Singapore is well-placed to gain from the United Nations-backed mediation convention that is named after it. The reason boils down to its mediation infrastructure, well-qualified mediators and goodwill brand, Senior Minister of State for Law Edwin Tong said in an interview with The Straits Times.
The rise in demand will follow the signing of the Singapore Convention on Mediation, which will be useful in enforcing settlements of complex and longstanding cross-border disputes through mediation, he added.
Underlining his confidence is the world-class facilities at Maxwell Chambers, that he cited. Another factor that will spur greater use of Singapore mediators is the success rate of the Singapore International Mediation Centre (SIMC).
Also, SIMC mediators have been sent to mediate commercial disputes around the world involving different parties.
He said: "Nothing to do with Singapore, but we export our services. That's a value and also advances Singapore's hub for mediation."
Mr Tong made these points last week ahead of the scheduled signing of the Singapore Convention on Mediation today.
The large number of signatories due to sign the treaty is yet another favourable sign. More than 30 countries will sign it, including economic giants China, India and the United States. At least 30 other countries have sent official delegations to attend the signing ceremony to show their support.
Mr Tong noted that the New York Convention on Arbitration started with only 10 countries but grew to nearly 160 countries in six decades.
More than 30 countries will sign the convention, including economic giants China, India and the United States. At least 30 other countries have sent official delegations to attend the signing ceremony to show their support.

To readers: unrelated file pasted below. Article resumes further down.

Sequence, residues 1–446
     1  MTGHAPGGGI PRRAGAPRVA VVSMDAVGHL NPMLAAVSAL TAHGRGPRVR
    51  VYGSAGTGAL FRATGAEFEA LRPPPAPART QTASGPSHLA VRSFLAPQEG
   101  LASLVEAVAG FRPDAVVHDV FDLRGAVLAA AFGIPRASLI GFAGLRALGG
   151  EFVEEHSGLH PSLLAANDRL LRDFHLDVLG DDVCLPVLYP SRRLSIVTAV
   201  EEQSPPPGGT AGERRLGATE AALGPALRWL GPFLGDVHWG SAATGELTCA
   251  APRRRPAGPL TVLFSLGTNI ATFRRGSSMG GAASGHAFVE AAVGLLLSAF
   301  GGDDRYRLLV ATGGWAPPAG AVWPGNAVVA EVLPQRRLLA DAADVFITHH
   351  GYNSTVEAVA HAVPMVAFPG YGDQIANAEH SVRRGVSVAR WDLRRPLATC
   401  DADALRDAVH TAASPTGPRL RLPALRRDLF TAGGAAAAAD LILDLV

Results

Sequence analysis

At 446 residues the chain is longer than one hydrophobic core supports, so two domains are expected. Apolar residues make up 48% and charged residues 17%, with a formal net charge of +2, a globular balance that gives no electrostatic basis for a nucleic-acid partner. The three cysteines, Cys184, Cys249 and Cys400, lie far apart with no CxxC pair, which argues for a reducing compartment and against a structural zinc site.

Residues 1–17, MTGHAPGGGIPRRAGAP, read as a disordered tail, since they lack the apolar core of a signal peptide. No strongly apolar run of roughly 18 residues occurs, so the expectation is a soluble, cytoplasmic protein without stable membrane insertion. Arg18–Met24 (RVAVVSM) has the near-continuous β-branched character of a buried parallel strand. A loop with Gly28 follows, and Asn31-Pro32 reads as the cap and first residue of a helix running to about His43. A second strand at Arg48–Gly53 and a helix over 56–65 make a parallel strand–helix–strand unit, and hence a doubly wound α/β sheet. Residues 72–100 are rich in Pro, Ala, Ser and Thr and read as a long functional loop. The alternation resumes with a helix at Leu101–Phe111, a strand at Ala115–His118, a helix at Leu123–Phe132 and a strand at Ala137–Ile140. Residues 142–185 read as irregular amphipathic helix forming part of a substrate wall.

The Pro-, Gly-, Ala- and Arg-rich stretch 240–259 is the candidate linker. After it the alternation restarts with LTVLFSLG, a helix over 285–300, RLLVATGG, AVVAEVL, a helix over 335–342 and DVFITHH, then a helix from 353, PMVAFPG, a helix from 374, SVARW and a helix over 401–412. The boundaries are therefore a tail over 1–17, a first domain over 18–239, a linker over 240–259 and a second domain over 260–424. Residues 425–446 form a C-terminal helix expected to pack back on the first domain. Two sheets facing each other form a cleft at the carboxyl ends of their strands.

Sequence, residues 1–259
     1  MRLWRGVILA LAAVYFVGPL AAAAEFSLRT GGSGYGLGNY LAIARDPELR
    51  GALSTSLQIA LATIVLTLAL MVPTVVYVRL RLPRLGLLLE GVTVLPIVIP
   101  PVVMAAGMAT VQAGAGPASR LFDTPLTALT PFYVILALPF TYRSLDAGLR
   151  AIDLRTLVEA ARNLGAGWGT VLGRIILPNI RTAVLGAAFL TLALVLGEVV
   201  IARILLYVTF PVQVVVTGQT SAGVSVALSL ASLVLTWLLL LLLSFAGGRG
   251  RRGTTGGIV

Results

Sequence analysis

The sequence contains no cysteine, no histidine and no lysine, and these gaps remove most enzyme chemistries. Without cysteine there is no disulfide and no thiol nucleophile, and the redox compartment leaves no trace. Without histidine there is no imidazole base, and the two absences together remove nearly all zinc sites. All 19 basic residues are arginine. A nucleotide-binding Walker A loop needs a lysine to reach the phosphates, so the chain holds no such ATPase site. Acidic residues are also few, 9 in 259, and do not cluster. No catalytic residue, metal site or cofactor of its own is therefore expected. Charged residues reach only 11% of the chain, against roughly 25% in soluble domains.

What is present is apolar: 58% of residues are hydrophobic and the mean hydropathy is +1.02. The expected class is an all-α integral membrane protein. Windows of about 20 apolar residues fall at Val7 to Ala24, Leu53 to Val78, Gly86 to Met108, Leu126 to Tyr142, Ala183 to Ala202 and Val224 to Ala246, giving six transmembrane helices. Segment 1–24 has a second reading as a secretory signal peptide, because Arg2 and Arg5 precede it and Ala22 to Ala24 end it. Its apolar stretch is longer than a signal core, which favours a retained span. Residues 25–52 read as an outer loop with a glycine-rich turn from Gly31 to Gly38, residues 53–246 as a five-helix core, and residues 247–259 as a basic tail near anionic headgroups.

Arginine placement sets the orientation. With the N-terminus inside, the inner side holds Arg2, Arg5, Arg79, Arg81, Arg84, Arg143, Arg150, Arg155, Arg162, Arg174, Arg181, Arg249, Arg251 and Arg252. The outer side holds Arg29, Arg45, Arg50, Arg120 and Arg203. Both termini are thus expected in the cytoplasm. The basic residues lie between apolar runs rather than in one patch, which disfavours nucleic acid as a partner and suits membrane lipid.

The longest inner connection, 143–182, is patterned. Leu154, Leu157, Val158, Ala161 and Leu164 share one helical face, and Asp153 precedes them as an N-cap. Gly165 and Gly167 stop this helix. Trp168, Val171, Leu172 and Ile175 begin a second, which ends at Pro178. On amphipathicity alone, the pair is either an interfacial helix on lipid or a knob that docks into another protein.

The Singapore convention is, therefore, at "quite a strong starting point", he said yesterday when addressing a forum here titled Mediation: A New Era. It was attended by delegates from various countries.
He also pointed out that when a big trading country, such as the US, China or India, is involved from the start, the counter party from the country that is not a signatory will feel some pressure in coming on board.
"If I was government of a country where my corporates trade a lot with one of these countries, and mediation is a value proposition, I'd think twice about not being inside.
"So I expect there to also be a strong second, third wave of parties coming on board to ratify."
During the ST interview, Mr Tong pointed out that mediation would be useful for companies and countries in terms of avoiding project disruption and achieving cost reductions.
It allows parties to retain their long-term relationship, he said.
"I've seen many cases where parties enjoyed a fairly long and relatively stable relationship and then sometimes when personnel change, they get involved in dispute. And that breaks the relationship that was not built overnight. That is one type of dispute that will benefit from mediation."
Another type would involve disputes in longstanding projects such as building infrastructure, power plants or a rail system.
Mediation would give the parties "the best chance" of not having the whole project abandoned, and prevent one discrete part of disagreement from derailing the entire process, he added.
Mr Tong acknowledged that the new convention cannot be enforced when a company from one signatory country mediates a dispute with a company from a non-signatory country.
"That is why we've been encouraging parties to get on board and sign the convention," he said.
He told the delegates at yesterday's forum that they play an important role in raising awareness of mediation, and in getting more countries to sign the convention.
He expressed confidence that more would come on board when they see the benefits of the new convention in action.
He also said in his address at the forum that much hard work and perseverance went into the establishment of the Singapore convention.
"It started off being quite difficult... there were many delegations, each with their own ideas and experiences on mediation, interests and perspectives on how enforcement should be achieved," he said.